The PIE prioritization framework was originally designed by WiderFunnel Founder, Chris Goward, to prioritize A/B test target areas. In other words, it was meant to answer the question:
Where should I test first?
Today, companies like HubSpot use PIE to prioritize other opportunities, such as, “Which idea should I test first?” and “Which personalized experience should I test first?”, each of which may have different sub-factors.
These are important questions: You can’t test everywhere or everything at once. With limited time and resources and, most importantly, limited traffic to allocate to each test, prioritization is a key part of your conversion optimization plan.
Prioritizing where you invest energy will give you better returns by emphasizing pages that are more important to your business.
The Three Criteria to Prioritize Pages
The PIE Framework is made up of the three criteria you should consider to prioritize which pages to test and in which order: Potential, Importance, and Ease.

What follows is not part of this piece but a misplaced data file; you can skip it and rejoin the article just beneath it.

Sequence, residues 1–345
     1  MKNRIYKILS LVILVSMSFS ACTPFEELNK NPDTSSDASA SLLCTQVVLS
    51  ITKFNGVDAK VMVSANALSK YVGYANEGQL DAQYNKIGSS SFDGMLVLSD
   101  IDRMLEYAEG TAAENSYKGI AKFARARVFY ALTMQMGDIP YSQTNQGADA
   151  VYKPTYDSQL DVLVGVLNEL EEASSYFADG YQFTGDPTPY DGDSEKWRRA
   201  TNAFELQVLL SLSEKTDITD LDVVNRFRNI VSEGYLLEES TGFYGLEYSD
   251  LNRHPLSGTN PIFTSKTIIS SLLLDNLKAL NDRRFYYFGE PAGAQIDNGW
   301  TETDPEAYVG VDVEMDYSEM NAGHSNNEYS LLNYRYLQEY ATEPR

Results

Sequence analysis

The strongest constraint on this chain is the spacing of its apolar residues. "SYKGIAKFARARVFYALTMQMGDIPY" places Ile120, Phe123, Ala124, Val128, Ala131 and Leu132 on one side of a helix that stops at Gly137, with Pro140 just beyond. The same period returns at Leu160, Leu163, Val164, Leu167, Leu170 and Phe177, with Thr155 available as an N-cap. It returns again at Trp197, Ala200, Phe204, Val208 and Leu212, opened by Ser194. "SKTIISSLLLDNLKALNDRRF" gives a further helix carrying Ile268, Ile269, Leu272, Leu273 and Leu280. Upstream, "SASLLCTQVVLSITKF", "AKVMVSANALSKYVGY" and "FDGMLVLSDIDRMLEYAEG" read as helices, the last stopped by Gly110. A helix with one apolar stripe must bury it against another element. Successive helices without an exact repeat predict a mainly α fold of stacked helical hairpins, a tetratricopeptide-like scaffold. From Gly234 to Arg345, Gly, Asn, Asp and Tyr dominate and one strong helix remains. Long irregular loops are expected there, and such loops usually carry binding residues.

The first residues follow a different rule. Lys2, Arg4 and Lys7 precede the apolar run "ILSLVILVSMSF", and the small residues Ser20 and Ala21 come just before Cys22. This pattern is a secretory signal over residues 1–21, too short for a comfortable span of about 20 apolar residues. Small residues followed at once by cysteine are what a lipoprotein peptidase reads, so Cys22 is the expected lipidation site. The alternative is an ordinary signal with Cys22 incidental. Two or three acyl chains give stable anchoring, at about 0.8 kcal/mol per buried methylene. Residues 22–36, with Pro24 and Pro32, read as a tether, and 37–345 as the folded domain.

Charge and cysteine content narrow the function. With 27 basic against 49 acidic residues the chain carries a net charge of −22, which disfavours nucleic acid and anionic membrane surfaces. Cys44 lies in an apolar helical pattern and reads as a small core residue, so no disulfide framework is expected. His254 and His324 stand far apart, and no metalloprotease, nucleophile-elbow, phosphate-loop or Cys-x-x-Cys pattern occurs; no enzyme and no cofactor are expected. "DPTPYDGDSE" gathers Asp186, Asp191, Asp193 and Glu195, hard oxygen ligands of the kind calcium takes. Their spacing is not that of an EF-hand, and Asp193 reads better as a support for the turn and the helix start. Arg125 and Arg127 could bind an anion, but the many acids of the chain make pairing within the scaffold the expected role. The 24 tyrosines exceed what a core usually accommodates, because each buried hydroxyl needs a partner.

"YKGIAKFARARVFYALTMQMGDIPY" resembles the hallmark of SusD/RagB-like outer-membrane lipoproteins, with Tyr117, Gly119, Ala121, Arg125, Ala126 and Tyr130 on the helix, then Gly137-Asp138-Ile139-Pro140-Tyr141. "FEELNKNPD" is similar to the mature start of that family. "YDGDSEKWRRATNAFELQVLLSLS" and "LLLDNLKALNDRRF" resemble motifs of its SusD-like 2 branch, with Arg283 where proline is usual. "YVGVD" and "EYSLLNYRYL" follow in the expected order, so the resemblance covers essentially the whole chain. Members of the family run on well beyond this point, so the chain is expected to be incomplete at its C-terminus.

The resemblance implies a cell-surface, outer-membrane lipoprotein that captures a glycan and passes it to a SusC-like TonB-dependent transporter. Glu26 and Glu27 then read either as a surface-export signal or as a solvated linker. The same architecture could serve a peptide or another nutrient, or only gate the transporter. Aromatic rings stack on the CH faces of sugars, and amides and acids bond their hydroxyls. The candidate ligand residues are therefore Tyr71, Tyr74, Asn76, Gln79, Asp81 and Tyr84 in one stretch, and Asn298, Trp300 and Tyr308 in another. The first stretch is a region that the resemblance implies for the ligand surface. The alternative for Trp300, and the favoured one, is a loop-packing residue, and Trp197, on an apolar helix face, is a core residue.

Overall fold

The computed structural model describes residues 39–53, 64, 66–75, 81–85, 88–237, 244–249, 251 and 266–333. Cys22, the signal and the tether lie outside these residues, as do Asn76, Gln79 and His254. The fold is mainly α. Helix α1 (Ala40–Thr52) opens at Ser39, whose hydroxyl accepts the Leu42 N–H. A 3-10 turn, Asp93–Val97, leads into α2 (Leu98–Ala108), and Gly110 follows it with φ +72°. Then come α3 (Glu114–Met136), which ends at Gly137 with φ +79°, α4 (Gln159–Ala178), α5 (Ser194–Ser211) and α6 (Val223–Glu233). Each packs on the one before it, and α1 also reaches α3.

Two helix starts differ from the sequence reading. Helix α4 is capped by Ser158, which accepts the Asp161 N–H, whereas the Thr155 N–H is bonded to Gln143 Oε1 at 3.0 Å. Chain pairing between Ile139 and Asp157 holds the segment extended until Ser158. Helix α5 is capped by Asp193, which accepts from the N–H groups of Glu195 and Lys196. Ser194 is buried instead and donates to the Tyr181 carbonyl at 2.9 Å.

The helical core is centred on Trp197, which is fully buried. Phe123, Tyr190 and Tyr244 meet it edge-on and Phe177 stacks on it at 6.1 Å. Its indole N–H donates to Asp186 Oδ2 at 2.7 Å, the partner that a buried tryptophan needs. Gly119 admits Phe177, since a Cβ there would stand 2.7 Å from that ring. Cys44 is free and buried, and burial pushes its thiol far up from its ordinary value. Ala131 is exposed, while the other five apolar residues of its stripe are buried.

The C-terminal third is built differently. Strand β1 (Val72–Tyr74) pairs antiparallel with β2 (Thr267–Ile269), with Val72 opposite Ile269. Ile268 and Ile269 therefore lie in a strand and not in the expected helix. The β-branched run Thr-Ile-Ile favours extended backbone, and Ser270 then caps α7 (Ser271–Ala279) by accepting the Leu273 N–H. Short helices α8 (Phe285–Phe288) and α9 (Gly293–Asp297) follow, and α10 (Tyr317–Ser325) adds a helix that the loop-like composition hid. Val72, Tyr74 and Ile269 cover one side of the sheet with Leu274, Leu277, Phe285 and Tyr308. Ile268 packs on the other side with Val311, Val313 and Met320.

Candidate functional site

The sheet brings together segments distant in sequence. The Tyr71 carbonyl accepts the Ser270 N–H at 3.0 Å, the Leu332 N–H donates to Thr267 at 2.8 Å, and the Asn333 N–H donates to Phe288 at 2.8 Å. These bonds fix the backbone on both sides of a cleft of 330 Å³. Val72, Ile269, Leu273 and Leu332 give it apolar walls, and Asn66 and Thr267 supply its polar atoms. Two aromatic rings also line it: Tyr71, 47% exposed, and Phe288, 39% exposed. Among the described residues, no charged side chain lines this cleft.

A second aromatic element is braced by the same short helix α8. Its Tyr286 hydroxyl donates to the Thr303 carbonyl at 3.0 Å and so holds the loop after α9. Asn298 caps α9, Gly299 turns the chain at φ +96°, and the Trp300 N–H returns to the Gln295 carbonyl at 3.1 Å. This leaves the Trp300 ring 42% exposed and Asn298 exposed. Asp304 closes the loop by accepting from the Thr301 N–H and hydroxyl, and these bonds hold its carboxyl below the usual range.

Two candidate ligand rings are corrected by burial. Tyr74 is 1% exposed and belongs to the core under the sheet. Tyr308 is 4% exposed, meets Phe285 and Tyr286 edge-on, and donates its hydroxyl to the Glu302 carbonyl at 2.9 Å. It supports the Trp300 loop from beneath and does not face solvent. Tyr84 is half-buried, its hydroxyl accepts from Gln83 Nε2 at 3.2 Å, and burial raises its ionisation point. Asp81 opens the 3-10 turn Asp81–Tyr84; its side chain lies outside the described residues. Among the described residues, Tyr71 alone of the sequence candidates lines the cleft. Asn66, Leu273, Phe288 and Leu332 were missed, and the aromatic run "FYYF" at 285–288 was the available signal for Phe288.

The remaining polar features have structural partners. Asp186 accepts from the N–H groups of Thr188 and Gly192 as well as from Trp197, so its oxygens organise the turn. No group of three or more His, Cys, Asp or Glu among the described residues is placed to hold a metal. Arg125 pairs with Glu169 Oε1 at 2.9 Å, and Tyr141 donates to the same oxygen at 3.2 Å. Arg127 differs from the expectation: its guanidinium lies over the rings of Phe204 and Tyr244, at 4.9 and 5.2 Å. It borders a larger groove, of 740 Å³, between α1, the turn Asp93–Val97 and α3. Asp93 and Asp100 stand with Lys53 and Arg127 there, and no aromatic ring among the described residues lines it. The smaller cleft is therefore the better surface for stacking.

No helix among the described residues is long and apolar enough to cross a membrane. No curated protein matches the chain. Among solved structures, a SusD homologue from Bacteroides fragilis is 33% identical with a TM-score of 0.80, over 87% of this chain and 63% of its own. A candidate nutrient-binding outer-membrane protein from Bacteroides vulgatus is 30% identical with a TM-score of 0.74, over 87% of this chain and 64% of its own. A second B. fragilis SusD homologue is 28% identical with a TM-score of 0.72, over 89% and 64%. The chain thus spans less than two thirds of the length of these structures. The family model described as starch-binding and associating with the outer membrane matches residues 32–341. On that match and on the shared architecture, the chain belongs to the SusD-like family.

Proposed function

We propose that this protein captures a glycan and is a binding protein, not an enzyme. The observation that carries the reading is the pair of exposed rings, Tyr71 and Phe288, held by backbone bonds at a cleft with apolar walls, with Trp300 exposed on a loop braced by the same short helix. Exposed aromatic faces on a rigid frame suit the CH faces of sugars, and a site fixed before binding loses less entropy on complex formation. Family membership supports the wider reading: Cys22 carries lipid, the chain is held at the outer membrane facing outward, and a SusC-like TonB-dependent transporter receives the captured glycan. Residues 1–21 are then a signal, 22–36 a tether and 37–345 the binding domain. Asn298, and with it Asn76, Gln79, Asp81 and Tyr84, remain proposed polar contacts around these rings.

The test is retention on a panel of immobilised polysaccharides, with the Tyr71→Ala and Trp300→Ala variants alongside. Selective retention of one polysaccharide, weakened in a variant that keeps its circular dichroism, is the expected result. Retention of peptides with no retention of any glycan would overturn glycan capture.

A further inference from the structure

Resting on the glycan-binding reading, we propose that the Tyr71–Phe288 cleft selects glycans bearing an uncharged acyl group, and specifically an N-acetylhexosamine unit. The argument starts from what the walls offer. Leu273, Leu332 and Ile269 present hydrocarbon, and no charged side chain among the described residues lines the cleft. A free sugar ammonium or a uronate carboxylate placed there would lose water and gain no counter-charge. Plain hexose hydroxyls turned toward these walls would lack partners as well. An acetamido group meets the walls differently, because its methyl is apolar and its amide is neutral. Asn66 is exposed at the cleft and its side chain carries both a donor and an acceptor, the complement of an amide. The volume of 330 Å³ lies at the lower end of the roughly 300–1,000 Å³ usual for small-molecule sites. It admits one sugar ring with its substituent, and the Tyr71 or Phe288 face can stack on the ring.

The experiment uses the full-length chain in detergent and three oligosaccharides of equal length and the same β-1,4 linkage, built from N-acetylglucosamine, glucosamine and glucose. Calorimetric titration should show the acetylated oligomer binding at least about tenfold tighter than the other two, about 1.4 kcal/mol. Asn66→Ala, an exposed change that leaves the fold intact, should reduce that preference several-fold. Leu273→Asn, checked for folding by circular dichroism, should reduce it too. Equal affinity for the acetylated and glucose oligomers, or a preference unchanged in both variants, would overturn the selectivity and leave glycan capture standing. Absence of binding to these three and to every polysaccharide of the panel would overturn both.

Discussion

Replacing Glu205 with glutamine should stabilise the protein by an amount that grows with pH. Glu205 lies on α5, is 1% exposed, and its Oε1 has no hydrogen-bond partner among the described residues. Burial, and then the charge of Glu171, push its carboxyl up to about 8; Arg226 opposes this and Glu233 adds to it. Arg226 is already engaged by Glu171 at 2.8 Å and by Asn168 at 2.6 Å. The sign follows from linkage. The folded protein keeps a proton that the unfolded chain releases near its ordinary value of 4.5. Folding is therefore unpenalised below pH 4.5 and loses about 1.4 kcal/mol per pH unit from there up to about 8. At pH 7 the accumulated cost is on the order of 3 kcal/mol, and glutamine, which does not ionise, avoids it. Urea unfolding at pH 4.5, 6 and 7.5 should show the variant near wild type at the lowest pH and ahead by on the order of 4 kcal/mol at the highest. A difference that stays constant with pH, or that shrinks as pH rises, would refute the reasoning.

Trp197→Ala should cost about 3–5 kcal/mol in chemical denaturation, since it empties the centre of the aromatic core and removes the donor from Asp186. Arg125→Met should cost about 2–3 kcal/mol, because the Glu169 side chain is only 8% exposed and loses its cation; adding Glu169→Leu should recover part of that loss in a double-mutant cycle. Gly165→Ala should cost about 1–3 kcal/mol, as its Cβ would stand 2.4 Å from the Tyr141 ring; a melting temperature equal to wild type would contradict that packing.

How much improvement can be made on this page(s)? You should prioritize your worst performers. This should take into account your web analytics data, customer data, and expert heuristic analysis of user scenarios.
How valuable is the traffic to this page(s)? Your most important pages are those with the highest volume and the costliest traffic. You may have identified pages that perform terribly, but if they don’t have significant volume of costly traffic, they aren’t testing priorities.
How difficult will it be to implement a test on this page or template? The final consideration is the degree of difficulty of actually running a test on this page, which includes technical implementation, and organizational or political barriers.
The less time and resources you need to invest for the same return, the better. This includes both technical and “political” ease. A page that would be technically easy to test on may have many stakeholders or vested interests that can cause barriers (like your homepage, for example).
You can quantify each of your potential opportunities based on these criteria to create your test priority list. We use the PIE Framework in a table to turn all of these data inputs into an objective number ranking.